It is time to enjoy an occasional shiver as we worry about a newly emerging climate likely to melt our ice caps, devour our glaciers, and force us into air-conditioned rooms. It is time to embrace and understand the natural and human history of cold. Even in a warming world, a world choked by carbon dioxide and methane, cold persists, biting my lungs and at the same time leaving me invigorated, alive and well on an Arctic spring afternoon with the sun hovering low over an ice-covered horizon and the thermometer at forty below.
It is July first and fifty-one degrees above zero. I stand poised on a gravel beach at the western edge of Prudhoe Bay, three hundred miles north of the Arctic Circle, and a mile of silt-laden water separates me from what is left of the ice. The Inupiat -- the Eskimos -- call it aunniq, rotten ice, sea ice broken into unconsolidated chunks of varying heights and widths, like a poorly made frozen jigsaw puzzle. A few days ago, the entire bay stood frozen. During winter, it is locked under six feet of ice. Trucks drive on it to resupply an offshore oil production facility. If one were insane, or if one were simply too cheap to fly, or if boredom instilled a spirit of adventure, one could walk north to the North Pole and then south to Norway or Finland or Russia. Temperatures would range below minus fifty degrees, not counting windchill.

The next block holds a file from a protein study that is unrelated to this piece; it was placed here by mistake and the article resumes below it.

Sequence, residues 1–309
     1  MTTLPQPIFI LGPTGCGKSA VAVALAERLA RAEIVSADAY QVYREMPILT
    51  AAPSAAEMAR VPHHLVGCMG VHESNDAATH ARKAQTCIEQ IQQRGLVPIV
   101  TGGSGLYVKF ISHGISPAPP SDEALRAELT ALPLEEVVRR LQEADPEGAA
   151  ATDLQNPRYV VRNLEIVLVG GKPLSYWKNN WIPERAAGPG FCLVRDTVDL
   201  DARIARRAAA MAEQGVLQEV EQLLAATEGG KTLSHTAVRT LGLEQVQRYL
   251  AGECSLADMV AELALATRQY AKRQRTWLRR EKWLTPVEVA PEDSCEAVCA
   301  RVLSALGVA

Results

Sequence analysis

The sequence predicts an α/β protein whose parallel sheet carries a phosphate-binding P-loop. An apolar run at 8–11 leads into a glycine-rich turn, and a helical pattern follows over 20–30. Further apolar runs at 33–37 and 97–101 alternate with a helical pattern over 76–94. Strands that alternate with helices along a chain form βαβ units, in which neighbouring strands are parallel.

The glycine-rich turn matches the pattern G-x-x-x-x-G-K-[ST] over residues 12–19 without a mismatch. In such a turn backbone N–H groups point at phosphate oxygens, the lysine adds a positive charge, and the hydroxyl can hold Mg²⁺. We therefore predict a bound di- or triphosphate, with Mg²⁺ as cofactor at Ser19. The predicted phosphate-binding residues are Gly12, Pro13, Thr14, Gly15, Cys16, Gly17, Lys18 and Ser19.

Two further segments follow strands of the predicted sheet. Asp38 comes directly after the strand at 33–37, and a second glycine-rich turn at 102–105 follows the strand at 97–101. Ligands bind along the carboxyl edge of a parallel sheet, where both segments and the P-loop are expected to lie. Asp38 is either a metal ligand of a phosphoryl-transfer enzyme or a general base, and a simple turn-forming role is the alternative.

But even in summer, the weather resides well south of balmy. A chill gust runs through me as I stand shirtless on the water's edge, wearing nothing but swimming shorts in the wind and rain. "The only way to do this," I tell my companion, "is with a single plunge. No hesitation." I go in headfirst. The water temperature is thirty-five degrees. I come up gasping. I stand on a sandy bottom, immersed to my neck. The water stings, as if I am rolling naked through a field of nettles. I wait for the gasp reflex to subside. My skin tightens around my body. My brain -- part of it that I cannot control -- has sent word to the capillaries in my extremities. "Clamp down," my brain has commanded, "and conserve heat." I feel as if I am being shrink-wrapped, like a slab of salmon just before it is tossed into the Deep Freeze.